Scope of provision limited. The qualified joint ven­ture provision would appear to allow any business jointly owned by spouses to avoid partnership treatment. However, although there has been no formal pro­nouncement, IRS has stated on its website that a qual­ified joint venture "includes only businesses that are owned and operated by spouses as co-owners, and not in the name of a state law entity.

IRS also says that mere joint ownership of property that is not a trade or business does not qualify for the election.

How to make the election.  Spouses make the election on a jointly filed Form 1040 by dividing all items of income, gain, loss, deduction, and credit between them in accordance with each spouse's respective interest in the joint venture, and each spouse filing with the Form 1040 a separate Schedule C (Form 1040), Profit or Loss From Business (Sole Proprietorship) or Schedule F (Form 1040), Profit of Loss From Farming, and, if oth­erwise required, a separate Schedule SE (Form 1040), Self-Employment Tax. For example, to make the elec­tion for 2007, a married couple should jointly file their 2007 Form 1040, with the required schedules. The part­nership terminates at the end of the tax year immediate­ly preceding the year the election takes effect.

Reporting issues. In general, spouses do not need an Employer Identification Number (EIN) for the qualified joint venture. That's because an FIN is not required for a sole proprietorship unless the sole proprietorship is required to file excise, employment, alcohol, tobacco, or firearms returns. If an EIN is required, the filing spouse should complete a Form SS-4 and request an EIN as a sole proprietor.

If the spouses already have an EIN for the partnership, one spouse cannot continue to use that EIN for the quali­fied joint venture. The FIN must remain with the partner­ship (and be used by the partnership for any year in which the requirements of a qualified joint venture are not met).

If the business has employees, either of the sole pro­prietor spouses may report and pay the employment taxes due on wages paid to the employees, using the EIN of that spouse's sole proprietorship. If the business already filed Forms 941 or deposited or paid taxes for part of the year under the partnership's EIN, the spouse may be considered the "successor employer" of the employee for purposes of determining whether the wages have reached the social security and Federal unemployment wage base limits.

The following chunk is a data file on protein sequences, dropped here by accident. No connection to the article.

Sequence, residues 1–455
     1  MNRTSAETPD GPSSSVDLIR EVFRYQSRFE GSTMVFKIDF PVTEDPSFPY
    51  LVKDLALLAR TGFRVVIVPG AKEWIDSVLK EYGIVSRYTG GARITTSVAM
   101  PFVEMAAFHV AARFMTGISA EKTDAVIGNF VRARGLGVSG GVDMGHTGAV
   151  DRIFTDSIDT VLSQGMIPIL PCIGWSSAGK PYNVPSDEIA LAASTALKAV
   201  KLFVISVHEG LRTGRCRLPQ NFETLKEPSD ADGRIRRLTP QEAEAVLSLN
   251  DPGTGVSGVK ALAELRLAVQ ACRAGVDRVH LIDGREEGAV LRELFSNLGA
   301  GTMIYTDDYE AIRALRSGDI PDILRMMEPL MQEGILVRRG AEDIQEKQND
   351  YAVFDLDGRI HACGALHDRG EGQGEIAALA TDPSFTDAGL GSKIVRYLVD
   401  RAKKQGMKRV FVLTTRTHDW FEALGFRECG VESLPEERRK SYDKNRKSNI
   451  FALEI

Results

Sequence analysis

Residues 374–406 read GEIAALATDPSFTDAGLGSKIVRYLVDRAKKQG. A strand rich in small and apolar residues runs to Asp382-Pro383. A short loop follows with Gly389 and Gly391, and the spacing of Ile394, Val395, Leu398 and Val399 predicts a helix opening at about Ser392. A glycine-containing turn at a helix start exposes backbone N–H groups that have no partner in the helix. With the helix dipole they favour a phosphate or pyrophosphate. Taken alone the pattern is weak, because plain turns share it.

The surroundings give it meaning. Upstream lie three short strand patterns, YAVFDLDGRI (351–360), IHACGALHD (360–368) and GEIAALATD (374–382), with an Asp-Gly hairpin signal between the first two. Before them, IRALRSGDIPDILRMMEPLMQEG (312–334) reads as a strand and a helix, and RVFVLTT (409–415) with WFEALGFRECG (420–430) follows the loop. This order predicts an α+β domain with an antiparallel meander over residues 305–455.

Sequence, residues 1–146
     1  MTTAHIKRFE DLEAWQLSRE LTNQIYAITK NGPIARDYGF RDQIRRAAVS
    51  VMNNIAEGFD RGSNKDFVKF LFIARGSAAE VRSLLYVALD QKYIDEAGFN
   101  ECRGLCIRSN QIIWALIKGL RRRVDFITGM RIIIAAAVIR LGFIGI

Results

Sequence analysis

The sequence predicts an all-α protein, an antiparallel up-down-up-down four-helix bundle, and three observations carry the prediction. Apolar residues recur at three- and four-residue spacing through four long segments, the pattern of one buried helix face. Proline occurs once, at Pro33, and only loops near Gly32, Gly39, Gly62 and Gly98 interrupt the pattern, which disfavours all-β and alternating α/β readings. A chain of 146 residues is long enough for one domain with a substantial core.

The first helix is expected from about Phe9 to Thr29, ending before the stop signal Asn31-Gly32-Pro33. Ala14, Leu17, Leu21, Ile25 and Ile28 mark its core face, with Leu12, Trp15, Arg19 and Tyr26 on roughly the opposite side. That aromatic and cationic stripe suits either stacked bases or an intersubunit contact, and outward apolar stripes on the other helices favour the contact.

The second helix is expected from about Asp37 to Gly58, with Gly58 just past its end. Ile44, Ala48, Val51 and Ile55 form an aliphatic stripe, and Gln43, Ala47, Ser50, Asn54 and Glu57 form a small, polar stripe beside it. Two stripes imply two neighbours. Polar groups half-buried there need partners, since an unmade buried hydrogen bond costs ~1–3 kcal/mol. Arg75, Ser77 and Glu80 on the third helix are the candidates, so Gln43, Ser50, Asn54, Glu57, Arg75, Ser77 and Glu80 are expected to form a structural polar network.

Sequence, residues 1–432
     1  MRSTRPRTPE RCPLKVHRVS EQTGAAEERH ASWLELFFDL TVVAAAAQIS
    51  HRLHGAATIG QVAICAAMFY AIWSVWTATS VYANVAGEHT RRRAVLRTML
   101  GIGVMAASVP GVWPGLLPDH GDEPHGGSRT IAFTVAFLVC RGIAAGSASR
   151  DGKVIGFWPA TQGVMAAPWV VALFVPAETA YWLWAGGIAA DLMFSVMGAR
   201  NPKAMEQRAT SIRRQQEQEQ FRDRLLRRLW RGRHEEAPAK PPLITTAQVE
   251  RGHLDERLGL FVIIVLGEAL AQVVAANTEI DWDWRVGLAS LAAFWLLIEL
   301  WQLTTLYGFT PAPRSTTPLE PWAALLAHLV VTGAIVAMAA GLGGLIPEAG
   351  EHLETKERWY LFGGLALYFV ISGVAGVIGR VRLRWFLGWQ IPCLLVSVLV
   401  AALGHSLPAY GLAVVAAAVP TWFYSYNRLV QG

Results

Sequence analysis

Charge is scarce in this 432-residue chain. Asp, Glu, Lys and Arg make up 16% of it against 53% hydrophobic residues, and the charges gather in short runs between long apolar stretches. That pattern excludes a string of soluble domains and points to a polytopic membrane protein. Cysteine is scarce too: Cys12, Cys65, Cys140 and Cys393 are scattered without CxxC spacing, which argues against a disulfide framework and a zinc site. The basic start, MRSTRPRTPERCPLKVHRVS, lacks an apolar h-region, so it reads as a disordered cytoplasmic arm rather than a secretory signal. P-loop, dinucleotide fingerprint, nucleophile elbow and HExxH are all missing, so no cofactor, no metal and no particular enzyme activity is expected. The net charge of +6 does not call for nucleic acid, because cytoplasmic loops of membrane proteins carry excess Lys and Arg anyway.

Making the election for a rental real estate business. IRS Publication 553, Highlights of 2007 Tax Law Changes, states that if a taxpayer and his or her spouse make the election for their rental real estate business, they must each report their share of the income and deductions on Schedule C or C-EZ instead of Schedule E. Rental real estate income generally is not included in net earnings from self-employment subject to self­employment tax and generally is subject to the passive loss limitation rules. Electing qualified joint venture status and using the Schedule C or C-EZ does not alter the application of the self-employment tax or the pas­sive loss limitation rules. For a rental real estate busi­ness not subject to self-employment tax, the spouses should enter "Exempt-QJV" on Form 1040, line 58, and not file Schedule SE, unless they had other income subject to self-employment tax. If a spouse had net earnings from self-employment of $400 or more, the spouse should enter "Exempt-QJV" and the amount of the spouse's net profit from the rental real estate busi­ness from Schedule C or C-EZ on the dotted line to the left of Schedule SE, line 3. The spouse should subtract that amount from the total of lines l and 2 and enter the result on line 3. The spouse should use the amount on line 3 to calculate the spouse's self-employment tax that will be reported on Form 1040, line 58. The spouse should not enter "Exempt-QJV" on Form 1040, line 58.

Duration of election. Once the election is made, it can only be revoked with IRS permission. However, the election technically remains in effect only for as long as the spouses filing as a qualified joint venture continue to meet applicable requirements. If the spouses fail to meet the requirements for a year, a new election will be nec­essary for any future year in which the spouses meet the requirements to be treated as a qualified joint venture.